One day, I was talking about why the
month was off by a month.
int month = Calendar.getInstance().get(Calendar.MONTH);
If you ran this code in February, the month would be "1". If you answer that it starts with "0", isn't it inconvenient why it starts with "0"? It became a story. I hadn't been aware of it until now, but when I was told, it was strange to start with "0"! I was worried about it, and when I asked someone who seemed to know it,
When counting the months in Japan, it is expressed as "January, February, March ..." English-speaking countries are expressed in letters as "January, February, March ..." instead of numbers. Isn't it started with "0" so that it can be easily managed by an array or a program?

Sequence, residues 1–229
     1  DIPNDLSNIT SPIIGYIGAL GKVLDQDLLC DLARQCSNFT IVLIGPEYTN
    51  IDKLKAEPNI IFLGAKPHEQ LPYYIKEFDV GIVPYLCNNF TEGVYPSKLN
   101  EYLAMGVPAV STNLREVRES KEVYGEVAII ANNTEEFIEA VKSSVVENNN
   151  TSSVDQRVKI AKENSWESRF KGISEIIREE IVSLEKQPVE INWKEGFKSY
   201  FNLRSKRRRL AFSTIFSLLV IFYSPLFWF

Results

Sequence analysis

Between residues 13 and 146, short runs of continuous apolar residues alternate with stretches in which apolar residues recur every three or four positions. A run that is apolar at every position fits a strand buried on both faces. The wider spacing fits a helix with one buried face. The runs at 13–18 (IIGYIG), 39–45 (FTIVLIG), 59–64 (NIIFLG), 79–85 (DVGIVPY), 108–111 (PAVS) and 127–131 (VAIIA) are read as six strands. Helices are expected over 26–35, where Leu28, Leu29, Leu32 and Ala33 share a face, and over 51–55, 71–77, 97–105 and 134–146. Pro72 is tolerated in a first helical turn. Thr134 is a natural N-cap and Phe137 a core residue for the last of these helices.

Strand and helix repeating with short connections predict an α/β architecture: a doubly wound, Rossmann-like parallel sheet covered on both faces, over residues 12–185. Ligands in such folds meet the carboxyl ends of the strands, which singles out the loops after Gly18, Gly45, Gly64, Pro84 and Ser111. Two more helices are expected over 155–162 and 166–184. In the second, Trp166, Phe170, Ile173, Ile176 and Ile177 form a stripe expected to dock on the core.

I don't know if this is correct, but I see! I thought. When I looked it up online, I found similar questions and answers.
The system I'm mainly in charge of is still running on Java 5 and 6, so If you want to get the current "month", it is often described as follows.
int month = Calendar.getInstance().get(Calendar.MONTH) + 1; System.out.println(month + "Month");
If you have ** Java8 or later **, you can get the current "month" without writing "+1" by using the LocalDate class.
int month = LocalDate.now().getMonthValue(); System.out.println(month + "Month");